Reporting Sexual Harassment and Assault Under Title IX

Reporting Sexual Harassment and Assault Under Title IX

Andrea Swiedom Staff Reporter

    Title IX is a federal law that protects individuals at federally-funded institutions like UMF from discrimination including sexual harassment and assault as these impede on a person’s participation in education. When students experience sexual harassment and/or assault on campus, they have the option of reporting their case to mandated reporters who include the majority of faculty, staff, certain students employees, volunteers and peer advocates.

    “The only people out of this list who are not mandated reporters are the mental health counselors in the Center for Student Development, the UMF Health Center Staff, and Athletic Trainers when they are working in their Athletic Training capacity,” said Hope Shore, Assistant Director of Student Life & Deputy Title IX Coordinator through an email interview.

    When a student reports an incident, the mandated reporter must then inform Shore of the incident.   

    “I will then reach out to the student to see if they would like to meet,” Shore said. “If the student is interested, I will provide them with information about resources, support, campus policies and procedures and available accommodations.”

    Students or anyone concerned with an incident may bypass a mandated reporter by filling out the Title IX Incident Reporting Form online located on MyCampus under the Campus Safety tab or through the UMF Title IX website. This online form allows individuals to file their incident anonymously.

Franklin Hall, Counseling is located on the second floor (Photo courtesy of Andrea Swiedom).

    Individuals can also report an incident directly to Shore, which is what a group of students did in Dec. 2018 after encountering several occurrences of sexual harassment from the same individual.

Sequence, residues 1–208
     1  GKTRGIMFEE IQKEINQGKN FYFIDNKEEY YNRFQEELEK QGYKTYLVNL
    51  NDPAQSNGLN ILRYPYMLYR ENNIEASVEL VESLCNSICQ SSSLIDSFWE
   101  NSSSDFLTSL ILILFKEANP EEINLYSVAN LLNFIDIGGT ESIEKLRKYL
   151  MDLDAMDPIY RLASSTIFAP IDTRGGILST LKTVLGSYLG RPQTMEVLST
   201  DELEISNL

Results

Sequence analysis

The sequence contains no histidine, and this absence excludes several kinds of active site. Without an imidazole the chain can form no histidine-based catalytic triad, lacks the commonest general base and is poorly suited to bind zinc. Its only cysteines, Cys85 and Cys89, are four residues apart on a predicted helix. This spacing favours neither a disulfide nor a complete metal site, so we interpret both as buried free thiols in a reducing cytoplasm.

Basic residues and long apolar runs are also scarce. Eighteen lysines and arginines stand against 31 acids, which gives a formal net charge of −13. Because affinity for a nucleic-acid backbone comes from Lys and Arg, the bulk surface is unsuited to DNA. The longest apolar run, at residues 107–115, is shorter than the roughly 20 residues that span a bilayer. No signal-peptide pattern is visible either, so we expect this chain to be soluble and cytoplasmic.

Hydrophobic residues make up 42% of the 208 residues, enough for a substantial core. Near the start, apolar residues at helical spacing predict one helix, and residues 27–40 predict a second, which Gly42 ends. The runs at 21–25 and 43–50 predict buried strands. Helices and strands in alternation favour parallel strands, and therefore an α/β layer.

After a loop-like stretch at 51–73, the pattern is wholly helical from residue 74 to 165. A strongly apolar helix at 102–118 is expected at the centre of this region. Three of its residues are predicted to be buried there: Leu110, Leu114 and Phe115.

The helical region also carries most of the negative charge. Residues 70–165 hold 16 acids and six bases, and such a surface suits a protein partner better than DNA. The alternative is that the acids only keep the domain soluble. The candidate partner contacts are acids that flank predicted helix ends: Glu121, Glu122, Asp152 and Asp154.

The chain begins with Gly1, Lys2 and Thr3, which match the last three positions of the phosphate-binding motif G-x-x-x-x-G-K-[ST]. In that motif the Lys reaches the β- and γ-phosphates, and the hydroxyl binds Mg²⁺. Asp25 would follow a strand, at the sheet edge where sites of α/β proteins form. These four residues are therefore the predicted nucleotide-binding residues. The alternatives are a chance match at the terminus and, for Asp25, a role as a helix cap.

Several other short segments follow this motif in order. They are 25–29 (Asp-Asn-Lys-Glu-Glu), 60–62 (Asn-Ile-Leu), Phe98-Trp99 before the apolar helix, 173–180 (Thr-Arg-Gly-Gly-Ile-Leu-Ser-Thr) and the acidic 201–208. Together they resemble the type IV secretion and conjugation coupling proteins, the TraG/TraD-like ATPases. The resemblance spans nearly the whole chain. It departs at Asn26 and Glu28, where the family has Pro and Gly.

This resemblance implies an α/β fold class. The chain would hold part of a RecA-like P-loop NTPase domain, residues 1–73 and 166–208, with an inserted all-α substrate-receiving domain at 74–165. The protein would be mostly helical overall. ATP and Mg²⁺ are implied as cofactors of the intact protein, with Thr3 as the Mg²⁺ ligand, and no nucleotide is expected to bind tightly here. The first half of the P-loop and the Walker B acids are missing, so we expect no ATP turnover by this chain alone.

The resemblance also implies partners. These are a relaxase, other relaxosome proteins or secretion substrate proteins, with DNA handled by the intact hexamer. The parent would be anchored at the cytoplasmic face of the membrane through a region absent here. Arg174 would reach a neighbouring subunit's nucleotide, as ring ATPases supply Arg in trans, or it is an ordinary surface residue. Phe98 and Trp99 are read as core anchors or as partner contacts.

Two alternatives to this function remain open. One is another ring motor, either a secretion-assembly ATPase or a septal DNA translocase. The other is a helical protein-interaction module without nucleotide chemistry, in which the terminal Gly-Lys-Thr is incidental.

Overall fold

The group of students will remain anonymous for their protection as the Flyer staff is aware of their identities and is confident in the credibility of their stories. 

    The group created a form for everyone involved to fill out and turn into Shore that described their experiences with this individual. One of the students involved expected the incident to be filed under the group’s name. However, even if a case is recorded with a group, each person’s case is treated as an individual report.

    Although students have no obligation to go any further once an incident has been brought to Shore’s attention, one of the members of the group that reported the harassment decided to proceed with the Title IX process. “I can back out at any point, but since I knew others were moving forward, I was going to move forward,” they said. 

    After the group filed their statement, the student met with Shore one-on-one to continue with the process. “I got this big folder of information and she basically told me that she would make the decision on who she would kind of push my case to next and it ended up going to Christine Wilson,” said the student.

    They met with Wilson, the Vice President of Student Affairs, to provide yet another statement that would determine whether or not the case would receive a full investigation. “It felt very official, kind of intimidatingly official,” the student said. “I thought I was just meeting with Christine, but when I got there, there was another woman directly connected with Title IX who was just there for recording.”

    The student was allowed to bring a person along for support while giving their official statement. “They were not allowed to say anything, but they were allowed to just be there, which I thought was a really nice thing that you can do,” they said.

    The incident was warranted a full investigation at the end of January. They were anxious and afraid while awaiting a verdict as they still had to function in classes, school activities and live on campus around the accused individual.